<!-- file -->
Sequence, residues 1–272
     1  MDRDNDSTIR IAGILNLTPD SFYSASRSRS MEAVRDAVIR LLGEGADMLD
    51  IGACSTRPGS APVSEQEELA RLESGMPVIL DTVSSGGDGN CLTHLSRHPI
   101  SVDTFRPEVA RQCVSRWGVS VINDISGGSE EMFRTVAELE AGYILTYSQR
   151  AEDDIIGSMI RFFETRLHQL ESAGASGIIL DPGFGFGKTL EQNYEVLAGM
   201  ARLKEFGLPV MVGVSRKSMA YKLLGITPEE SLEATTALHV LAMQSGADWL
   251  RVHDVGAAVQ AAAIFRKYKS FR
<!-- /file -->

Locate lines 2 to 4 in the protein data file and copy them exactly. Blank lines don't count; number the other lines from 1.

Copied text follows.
     1  MDRDNDSTIR IAGILNLTPD SFYSASRSRS MEAVRDAVIR LLGEGADMLD
    51  IGACSTRPGS APVSEQEELA RLESGMPVIL DTVSSGGDGN CLTHLSRHPI
   101  SVDTFRPEVA RQCVSRWGVS VINDISGGSE EMFRTVAELE AGYILTYSQR